Re-produced in part from "Baptist Theologians", Timothy George and David S. Dockery
William Bell Riley was one of the most diligent evangelists of his day, and like the late George Truett, served in one pastorate for more than forty years - that of the First Baptist Church of Minneapolis, Minnesota. His service to his public was twofold, for he was both a preacher of sermons and a writer of books. William Riley's authorship included a number of texts on Christian Evangelism; a subject in which he excelled as both a scholar and a teacher. His favorite narration was always entertaining, often amusing, and was based on the element of human interest. Not content with being a successful evangelist himself, William Riley was also interested in training others in carrying on evangelistic work. To this end, he founded the Northwestern Bible Training School and an Evangelical Seminary ... truly a man to be remembered for his sincere and tireless endeavor in the field of Evangelism.
Theologically, in many respects Riley was a typical Baptist traditionalist. He never stopped believing in the New Hampshire Confession of 1833, the most popular Baptist "creed" of the nineteenth century. His first major book was an exposition of the Confession and in 1922 he tried to get the NBC (Northern Baptist Convention) to adopt it as its binding statement of faith.
As a fundamentalist, Riley stretched his Baptist theology between the poles of biblical inerrancy and dispensational premillennialism. Though it was hard for most people to arrive at dispensationalism on their own, Riley insisted that it stood with biblical inerrancy as a bulwark against modernism. Dispensational premillennialism came out of Great Britain in the 1830's, the brain child of John Nelson Darby, one of the founders of the Plymouth Brethren. It was essentially a complicated hermeneutic that sought to divide all of history into eras or "dispensations" and distinguish between the two separate peoples of God, Israel and the church, and their separate programs.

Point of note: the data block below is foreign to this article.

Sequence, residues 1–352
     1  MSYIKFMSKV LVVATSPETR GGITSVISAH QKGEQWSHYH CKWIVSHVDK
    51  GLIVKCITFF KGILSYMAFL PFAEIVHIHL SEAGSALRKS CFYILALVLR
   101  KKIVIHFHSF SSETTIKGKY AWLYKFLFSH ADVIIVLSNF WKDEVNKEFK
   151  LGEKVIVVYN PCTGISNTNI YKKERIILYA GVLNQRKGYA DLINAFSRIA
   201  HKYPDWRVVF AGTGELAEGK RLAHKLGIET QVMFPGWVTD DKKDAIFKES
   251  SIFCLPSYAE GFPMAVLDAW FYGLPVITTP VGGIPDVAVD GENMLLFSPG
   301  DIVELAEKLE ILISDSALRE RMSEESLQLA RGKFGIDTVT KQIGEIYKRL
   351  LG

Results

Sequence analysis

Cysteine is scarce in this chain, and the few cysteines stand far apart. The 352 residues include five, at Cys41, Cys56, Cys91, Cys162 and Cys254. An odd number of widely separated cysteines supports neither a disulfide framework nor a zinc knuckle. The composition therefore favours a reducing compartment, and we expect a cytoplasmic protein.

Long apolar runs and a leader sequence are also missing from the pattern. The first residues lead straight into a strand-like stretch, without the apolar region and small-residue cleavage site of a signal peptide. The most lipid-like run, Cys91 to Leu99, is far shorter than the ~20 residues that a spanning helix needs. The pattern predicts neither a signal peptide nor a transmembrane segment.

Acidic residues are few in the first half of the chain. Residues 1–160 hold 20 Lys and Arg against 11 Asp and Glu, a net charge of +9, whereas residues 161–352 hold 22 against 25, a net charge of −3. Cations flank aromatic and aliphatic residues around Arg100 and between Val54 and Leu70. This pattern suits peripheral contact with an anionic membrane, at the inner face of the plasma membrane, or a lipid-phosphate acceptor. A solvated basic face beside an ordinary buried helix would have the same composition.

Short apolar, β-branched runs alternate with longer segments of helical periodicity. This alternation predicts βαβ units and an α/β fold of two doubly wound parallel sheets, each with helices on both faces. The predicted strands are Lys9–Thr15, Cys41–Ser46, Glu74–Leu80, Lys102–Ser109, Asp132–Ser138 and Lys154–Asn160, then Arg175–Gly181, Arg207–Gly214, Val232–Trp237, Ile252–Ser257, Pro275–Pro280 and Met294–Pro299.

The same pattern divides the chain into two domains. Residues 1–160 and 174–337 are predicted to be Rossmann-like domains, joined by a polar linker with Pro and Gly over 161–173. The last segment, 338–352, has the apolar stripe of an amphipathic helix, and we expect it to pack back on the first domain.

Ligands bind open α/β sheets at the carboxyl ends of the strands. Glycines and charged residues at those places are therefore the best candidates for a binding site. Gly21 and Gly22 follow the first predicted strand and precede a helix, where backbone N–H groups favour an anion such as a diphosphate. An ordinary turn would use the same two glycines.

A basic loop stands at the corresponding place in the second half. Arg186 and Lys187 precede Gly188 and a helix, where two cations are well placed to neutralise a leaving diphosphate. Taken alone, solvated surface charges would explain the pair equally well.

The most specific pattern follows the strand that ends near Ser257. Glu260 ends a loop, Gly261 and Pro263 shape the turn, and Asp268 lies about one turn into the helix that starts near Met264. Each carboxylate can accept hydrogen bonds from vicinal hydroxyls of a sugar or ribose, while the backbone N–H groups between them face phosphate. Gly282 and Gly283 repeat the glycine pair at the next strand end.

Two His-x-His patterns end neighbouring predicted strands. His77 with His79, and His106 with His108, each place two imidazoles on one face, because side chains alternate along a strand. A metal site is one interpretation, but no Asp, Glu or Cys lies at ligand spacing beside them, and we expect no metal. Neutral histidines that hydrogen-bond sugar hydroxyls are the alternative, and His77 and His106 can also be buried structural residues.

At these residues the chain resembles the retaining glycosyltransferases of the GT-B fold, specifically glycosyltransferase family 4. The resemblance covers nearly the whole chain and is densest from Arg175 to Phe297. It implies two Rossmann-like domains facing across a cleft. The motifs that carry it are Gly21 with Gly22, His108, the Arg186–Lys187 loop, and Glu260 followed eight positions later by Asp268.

Dispensationalism came to the United States after the Civil War and spread through Bible and prophetic conferences, Bible institutes, and most importantly, the Scofield Reference Bible, whose textual notes helped people read the Scriptures "dispensationally".
In retrospect Riley's theology was a blend of Baptist orthodoxy and fundamentalism, which became more extreme over the years. It was built on a straight-forward reading of the Bible, which some have correctly called "proof-testing", and aimed at common people.
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